Monday, November 27, 2017

Chesterton on arguments against miracles

The historic case against miracles is also rather simple. It consists of calling miracles impossible, then saying that no one but a fool believes impossibilities: then declaring that there is no wise evidence on behalf of the miraculous. The whole trick is done by means of leaning alternately on the philosophical and historical objection. If we say miracles are theoretically possible, they say, “Yes, but there is no evidence for them.” When we take all the records of the human race and say, “Here is your evidence,” they say, “But these people were superstitious, they believed in impossible things."
--G.K. Chesterton
This is essentially the same argument that C.S. Lewis later urged against Hume in MIRACLES to the effect that Hume's famous argument is circular.-Linville

And I thought there were new ways of arguing against miracles.-VR

Saturday, November 25, 2017

Three quotes from Peter Geach's The Virtues

For medieval thought the gulf that could be bridged only by Divine intervention came not between life and the inanimate, nor between consciousness and lack of consciousness, but between rational and irrational creatures. I think there is no reason now to think otherwise -- only fashion.

"Life must originate, we are told, wherever the physical conditions for life are favourable: and there must be so many planets on which life has originated that on millions of them rational beings will have evolved by natural selection. But rational beings cannot so come to be: the coming to be of a rational creature is strictly miraculous -- it exceeds all the powers of sub-rational nature. 

When we hear of some new attempt to explain reasoning or language or choice naturalistically, we ought to react as if we were told that someone had squared the circle or proved the square root of 2 to be rational: only the mildest curiosity is in order-how well has the fallacy been concealed?

You gotta wonder what the Mrs thought of these arguments. I understand she was rather critical when some guy in the Medieval and Renaissance Lit department tried to argue for the same conclusion.

Friday, November 24, 2017

Linville on Dennett

Another one from Mark Linville, on Dennett: 
Daniel Dennett thinks there is no such thing as "what-it-is-like" to be in pain, i.e., the "ouchiness" of pain. There are only the observable and measurable causes and effects of pain, such as the firing of c-fibers and the person's body hollering "OUCH!"
I think there is such a thing as "what-it-is-like" to be astonished at the claim that there is no such thing as "what-it-is-like" to be in pain.

Friday, November 17, 2017

Mark Linville on an atheist retort to religious morality

A common atheist retort: "Would you rape, pillage, and plunder if you did not have the Bible to tell you not to?"
The implication is that this would be a superficial morality. And it would indeed.
Reply: Theists and atheists alike refrain from such acts because conscience tells them that it is wrong. The question is whether they have equally good explanations for why we should suppose that conscience is a reliable guide to truth.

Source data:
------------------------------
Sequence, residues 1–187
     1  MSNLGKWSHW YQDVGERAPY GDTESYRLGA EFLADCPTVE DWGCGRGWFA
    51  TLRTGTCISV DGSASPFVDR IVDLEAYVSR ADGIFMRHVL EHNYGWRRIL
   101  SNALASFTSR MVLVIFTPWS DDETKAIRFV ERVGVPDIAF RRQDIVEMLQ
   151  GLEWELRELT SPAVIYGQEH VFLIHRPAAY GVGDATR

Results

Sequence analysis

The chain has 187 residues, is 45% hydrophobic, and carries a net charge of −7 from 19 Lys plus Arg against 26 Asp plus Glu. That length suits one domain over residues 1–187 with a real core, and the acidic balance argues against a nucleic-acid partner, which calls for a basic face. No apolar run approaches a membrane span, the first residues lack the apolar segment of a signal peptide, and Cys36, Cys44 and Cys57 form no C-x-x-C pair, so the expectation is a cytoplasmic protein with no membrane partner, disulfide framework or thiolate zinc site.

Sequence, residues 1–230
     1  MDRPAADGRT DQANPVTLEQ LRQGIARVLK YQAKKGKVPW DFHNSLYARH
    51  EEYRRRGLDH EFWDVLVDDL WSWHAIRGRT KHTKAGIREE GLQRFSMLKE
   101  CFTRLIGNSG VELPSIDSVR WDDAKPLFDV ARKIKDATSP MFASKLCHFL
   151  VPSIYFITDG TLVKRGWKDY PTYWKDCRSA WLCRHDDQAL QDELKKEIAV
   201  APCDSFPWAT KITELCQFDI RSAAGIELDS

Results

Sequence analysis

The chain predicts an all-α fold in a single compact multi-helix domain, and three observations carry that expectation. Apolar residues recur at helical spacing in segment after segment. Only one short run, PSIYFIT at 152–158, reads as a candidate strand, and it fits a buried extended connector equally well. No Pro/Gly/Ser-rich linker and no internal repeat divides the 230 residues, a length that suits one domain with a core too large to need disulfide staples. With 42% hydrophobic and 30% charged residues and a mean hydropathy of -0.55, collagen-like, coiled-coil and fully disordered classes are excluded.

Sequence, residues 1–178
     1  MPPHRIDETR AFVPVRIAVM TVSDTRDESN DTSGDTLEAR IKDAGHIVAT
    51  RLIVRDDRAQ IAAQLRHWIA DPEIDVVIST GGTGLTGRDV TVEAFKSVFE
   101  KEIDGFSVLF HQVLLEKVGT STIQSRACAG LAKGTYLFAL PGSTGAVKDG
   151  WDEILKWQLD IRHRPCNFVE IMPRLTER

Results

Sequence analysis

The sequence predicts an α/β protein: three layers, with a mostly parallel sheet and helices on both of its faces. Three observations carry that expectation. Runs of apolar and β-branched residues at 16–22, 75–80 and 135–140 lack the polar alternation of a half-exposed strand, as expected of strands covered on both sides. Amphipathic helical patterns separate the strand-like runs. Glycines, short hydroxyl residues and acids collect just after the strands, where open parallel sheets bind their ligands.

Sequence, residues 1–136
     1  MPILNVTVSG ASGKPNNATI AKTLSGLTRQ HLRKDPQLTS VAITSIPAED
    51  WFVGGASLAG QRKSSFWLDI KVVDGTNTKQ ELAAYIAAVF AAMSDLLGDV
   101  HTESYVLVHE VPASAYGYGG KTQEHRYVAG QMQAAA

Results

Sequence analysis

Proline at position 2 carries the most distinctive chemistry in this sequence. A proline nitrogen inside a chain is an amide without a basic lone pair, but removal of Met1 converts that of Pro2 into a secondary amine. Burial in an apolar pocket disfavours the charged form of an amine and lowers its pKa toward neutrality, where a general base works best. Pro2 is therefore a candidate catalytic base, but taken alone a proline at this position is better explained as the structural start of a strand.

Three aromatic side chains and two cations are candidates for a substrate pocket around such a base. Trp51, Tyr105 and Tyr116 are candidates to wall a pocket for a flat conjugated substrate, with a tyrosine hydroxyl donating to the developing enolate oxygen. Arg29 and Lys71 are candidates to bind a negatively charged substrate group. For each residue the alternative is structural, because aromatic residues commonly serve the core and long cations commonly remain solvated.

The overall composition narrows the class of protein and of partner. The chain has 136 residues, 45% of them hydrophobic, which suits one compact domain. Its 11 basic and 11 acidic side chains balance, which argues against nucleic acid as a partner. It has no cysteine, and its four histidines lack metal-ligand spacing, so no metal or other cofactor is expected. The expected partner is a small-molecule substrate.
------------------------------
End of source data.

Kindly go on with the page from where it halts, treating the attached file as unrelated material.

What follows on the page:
Wednesday, November 08, 2017

The Price of Evangelical Support for Trump


Ortega y Gasset on science and its limits

“Scientific truth is characterized by its precision and the certainty of its predictions. But science achieves these admirable qualities at the cost of remaining on the level of secondary concerns, leaving ultimate and decisive questions untouched.”

José Ortega y Gasset, “El origen deportivo del estado.” Citius, Altius, Fortius 9, no. 1-4 (1967): 259-76.
I guess that makes him a darned science denier. 

Tuesday, November 07, 2017

Hinman on the fine-tuning argument


A fundamentalist after all? Dawkins on what would change his mind

"Passion for passion, an evangelical Christian and I may be evenly matched. But we are not equally fundamentalist. The true scientist, however passionately he may 'believe', in evolution for example, knows exactly what would change his mind: evidence! The fundamentalist knows that nothing will."
- Richard Dawkins, "How dare you call me a fundamentalist" (2007) 

From 2015: 

Boghossian: What would it take for you to believe in God?
Dawkins: I used to say it would be very simple. It would be the Second Coming of Jesus or a great, big, deep, booming, bass voice saying “I am God.” But I was persuaded, mostly by Steve Zara, who is a regular contributor to my website. He more or less persuaded me that even if there was this booming voice in the Second Coming with clouds of glory, the probable explanation is that it is a hallucination or a conjuring trick by David Copperfield. He made the point that a supernatural explanation for anything is incoherent. It doesn’t add up to an explanation for anything. A non-supernatural Second Coming could be aliens from outer space.

Was the Texas shooter motivated by atheism?


Well, why couldn't atheist hatred and fanaticism lead someone to violence? Would anyone have any trouble believing it of Muslim or anti-abortion fanatics? And atheist leaders do spew real hatred.

When ideology develops into hatred, it opens the door to the possibility of violence. It doesn't matter what the ideology is.

Saturday, November 04, 2017

The real point: C. S. Lewis and the Question of Truth


The real question is whether Christianity is true, not if it is useful or good for people to have.

Thursday, November 02, 2017

How Euthyphro Challenges us all

A paper presented by Richard Klaus at Glendale Community College, which I attended.

A tweet from Brett Kunkle

If you think marriage & sex are primarily a means to self-fulfillment, you do NOT have a on these matters.

Why science will not destroy religion


Understanding the Trinity

By Peter Williams. Here. 

Why Keith Parsons is a (free speech) fundamentalist

Here. Cheers Keith! But see also this discussion from here.

Monday, October 30, 2017

Feser on the argument from indeterminacy

Here.  Please also follow the link to his essay in the American Catholic Philosophical Quarterly.


Sunday, October 29, 2017

Why mental states are not emergent the way solidity is